Insight 1: Humility is one of the best leadership principles.
There is nothing quite like ignorance combined with a driving need to succeed to force rapid learning. I know this from firsthand experience. In 1986, I became the president of a new hardware company whose main business was selling the Pixar Image Computer. The only problem was, I had no idea what I was doing.
Insight 2: Think about hard problems from first principles, rather than taking shortcuts.
When Catmull and his team launched the company, none of them had ever sold high-end hardware before. They had no sense of go-to-market, or how to price the product. So they asked experts and they launched with $122k price point – and the pricing flopped:
The pricing advice I was given—by people who were smart and experienced and well-meaning—was not merely wrong, it kept us from asking the right questions. Instead of talking about whether it’s easier to lower a price than raise it, we should have been addressing more substantive issues such as how to meet the expectations of customers and how to keep investing in software development so that the customers who did buy our product could put it to better use. In retrospect, when I sought the counsel of these more experienced men, I had been seeking simple answers to complex questions—do this, not that—because I was unsure of myself and stressed by the demands of my new job. But simple answers like the “start high” pricing advice—so seductive in its rationality—had distracted me and kept me from asking more fundamental questions.?
Insight 3: Building and managing a team isn’t solely recruiting a group of talented people, but melding a team of talented people who collaborate well.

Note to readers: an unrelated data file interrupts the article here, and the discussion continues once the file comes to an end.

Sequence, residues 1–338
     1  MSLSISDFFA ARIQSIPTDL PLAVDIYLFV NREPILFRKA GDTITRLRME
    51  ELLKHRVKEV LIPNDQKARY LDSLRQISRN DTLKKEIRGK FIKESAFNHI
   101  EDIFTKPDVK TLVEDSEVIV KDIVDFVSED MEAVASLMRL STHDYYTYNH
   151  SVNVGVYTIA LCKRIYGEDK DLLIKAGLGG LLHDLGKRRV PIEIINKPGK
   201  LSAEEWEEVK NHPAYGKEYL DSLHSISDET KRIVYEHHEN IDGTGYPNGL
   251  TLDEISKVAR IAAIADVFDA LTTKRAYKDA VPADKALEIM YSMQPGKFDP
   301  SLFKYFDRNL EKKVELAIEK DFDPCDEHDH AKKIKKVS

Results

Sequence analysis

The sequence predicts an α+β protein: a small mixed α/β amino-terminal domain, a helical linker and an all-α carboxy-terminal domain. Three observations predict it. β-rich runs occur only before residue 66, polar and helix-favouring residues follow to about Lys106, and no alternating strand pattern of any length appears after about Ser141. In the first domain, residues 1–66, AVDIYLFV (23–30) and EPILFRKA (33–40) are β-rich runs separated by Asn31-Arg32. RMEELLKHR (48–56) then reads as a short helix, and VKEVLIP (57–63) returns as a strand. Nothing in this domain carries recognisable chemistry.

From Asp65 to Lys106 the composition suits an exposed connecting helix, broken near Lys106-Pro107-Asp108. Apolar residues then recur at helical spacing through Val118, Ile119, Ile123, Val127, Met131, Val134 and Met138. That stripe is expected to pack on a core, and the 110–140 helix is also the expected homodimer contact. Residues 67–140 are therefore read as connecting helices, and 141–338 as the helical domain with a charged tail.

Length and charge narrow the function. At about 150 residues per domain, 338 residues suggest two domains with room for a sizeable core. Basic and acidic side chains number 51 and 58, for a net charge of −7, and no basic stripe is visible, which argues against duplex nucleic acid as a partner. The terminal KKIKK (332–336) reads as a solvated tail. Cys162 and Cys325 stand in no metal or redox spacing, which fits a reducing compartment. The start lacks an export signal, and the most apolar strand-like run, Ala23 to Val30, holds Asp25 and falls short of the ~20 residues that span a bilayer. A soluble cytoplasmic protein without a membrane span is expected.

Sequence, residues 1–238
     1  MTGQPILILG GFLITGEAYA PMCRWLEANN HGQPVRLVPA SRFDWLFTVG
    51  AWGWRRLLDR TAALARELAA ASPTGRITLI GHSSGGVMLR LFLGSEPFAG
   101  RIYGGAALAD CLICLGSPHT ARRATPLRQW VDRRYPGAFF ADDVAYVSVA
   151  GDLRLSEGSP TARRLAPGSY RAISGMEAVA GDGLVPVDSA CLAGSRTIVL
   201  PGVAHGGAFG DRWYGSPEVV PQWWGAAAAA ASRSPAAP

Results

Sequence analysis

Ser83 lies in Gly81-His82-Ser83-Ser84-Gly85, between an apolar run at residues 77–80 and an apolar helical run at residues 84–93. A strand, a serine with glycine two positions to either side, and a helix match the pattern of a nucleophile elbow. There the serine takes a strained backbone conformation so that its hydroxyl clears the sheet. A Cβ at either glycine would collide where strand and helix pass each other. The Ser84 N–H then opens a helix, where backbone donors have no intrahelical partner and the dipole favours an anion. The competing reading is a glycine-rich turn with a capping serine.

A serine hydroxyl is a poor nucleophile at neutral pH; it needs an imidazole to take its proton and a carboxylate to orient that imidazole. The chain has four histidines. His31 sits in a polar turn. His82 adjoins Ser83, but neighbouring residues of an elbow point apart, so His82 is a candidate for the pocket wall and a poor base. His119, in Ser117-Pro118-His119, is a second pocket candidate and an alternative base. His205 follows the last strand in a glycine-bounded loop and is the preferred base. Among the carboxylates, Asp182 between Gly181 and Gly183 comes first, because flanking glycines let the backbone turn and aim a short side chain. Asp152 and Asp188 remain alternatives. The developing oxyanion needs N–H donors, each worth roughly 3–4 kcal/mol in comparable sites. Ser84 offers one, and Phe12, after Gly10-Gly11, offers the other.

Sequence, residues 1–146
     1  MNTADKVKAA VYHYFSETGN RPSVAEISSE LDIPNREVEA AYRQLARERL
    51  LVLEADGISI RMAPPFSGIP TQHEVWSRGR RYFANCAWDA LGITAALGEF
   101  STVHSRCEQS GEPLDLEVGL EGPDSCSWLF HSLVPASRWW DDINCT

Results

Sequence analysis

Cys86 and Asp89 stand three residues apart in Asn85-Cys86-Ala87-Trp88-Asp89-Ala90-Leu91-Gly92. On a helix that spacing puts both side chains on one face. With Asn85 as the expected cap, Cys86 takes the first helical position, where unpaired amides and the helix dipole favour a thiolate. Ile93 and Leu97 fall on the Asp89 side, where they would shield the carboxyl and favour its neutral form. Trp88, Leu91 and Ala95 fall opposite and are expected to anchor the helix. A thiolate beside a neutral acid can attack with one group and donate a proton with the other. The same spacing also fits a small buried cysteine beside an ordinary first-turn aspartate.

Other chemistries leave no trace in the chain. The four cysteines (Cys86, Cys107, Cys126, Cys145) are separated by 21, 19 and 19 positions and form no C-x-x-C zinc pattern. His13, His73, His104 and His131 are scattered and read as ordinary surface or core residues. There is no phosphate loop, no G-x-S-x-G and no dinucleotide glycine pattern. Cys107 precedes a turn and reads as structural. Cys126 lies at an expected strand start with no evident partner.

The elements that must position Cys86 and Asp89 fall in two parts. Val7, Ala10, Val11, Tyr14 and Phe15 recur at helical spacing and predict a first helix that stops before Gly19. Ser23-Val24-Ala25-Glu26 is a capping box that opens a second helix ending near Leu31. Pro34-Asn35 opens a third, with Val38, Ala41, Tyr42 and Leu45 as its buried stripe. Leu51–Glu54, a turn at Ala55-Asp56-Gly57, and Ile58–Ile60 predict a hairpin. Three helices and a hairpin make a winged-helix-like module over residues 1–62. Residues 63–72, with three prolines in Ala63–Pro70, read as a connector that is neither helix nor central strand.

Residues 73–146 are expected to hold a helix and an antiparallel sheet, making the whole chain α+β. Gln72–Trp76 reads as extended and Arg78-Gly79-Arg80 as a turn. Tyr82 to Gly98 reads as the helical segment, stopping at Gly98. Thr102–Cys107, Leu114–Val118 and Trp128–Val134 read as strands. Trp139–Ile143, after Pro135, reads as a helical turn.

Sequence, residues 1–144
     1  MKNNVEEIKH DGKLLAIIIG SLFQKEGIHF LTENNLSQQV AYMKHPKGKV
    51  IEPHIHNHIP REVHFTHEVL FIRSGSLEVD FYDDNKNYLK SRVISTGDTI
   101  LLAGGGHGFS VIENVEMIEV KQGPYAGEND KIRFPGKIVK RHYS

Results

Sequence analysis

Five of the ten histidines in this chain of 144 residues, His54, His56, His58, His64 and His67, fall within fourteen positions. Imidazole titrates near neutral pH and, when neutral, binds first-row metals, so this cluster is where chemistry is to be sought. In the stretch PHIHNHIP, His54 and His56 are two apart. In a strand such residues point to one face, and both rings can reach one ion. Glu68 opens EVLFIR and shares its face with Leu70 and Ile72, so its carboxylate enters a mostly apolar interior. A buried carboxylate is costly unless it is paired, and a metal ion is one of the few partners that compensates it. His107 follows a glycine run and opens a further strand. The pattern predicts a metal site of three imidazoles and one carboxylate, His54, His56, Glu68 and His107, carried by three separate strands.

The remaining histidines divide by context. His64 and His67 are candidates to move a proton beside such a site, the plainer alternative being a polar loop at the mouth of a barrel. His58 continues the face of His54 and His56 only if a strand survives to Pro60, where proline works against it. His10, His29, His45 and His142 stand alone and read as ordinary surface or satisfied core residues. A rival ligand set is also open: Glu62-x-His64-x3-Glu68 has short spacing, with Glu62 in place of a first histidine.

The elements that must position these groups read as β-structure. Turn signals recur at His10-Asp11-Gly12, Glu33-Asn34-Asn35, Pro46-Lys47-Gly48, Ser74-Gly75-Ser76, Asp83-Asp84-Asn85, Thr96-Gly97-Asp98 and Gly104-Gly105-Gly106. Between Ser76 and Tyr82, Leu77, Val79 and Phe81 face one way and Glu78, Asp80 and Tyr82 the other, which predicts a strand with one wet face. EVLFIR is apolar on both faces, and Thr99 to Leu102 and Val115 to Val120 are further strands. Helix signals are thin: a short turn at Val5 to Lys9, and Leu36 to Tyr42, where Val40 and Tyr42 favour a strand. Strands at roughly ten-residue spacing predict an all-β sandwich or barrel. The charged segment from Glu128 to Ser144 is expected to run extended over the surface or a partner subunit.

Getting the team right is the necessary precursor to getting the ideas right. It is easy to say you want talented people, and you do, but the way those people interact with one another is the real key. Even the smartest people can form an ineffective team if they are mismatched. That means it is better to focus on how a team is performing, not on the talents of the individuals within it. A good team is made up of people who complement each other. There is an important principle here that may seem obvious, yet—in my experience—is not obvious at all. Getting the right people and the right chemistry is more important than getting the right idea.
Insight 4: Management by influence is much more powerful, enabling and creativity-encouraging than management by edict.
A little bit of background on this quote. Every six months, the team producing a Pixar film meets with the Braintrust, a group of highly regarded people in the company, who review the film and point out the areas where the film struggles. The Braintrust typically just points out problems, but they don’t make recommendations on the solutions, because they want to enable the production team to be as creative as possible.
The Braintrust has no authority. This is crucial: The director does not have to follow any of the specific suggestions given. After a Braintrust meeting, it is up to him or her to figure out how to address the feedback. Braintrust meetings are not top-down, do-this-or-else affairs. By removing from the Braintrust the power to mandate solutions, we affect the dynamics of the group in ways I believe are essential.
Insight 5: Even the most successful companies have material and important management challenges. The key to solving them is a shared mission and intellectual honesty.
What makes Pixar special is that we acknowledge we will always have problems, many of them hidden from our view; that we work hard to uncover these problems, even if doing so means making ourselves uncomfortable; and that, when we come across a problem, we marshal all of our energies to solve it. This, more than any elaborate party or turreted workstation, is why I love coming to work in the morning. It is what motivates me and gives me a definite sense of mission.
Creativity is masterful book combining a history of a great company, interesting anecdotes about Steve Jobs, and some terrific and very candid management insight.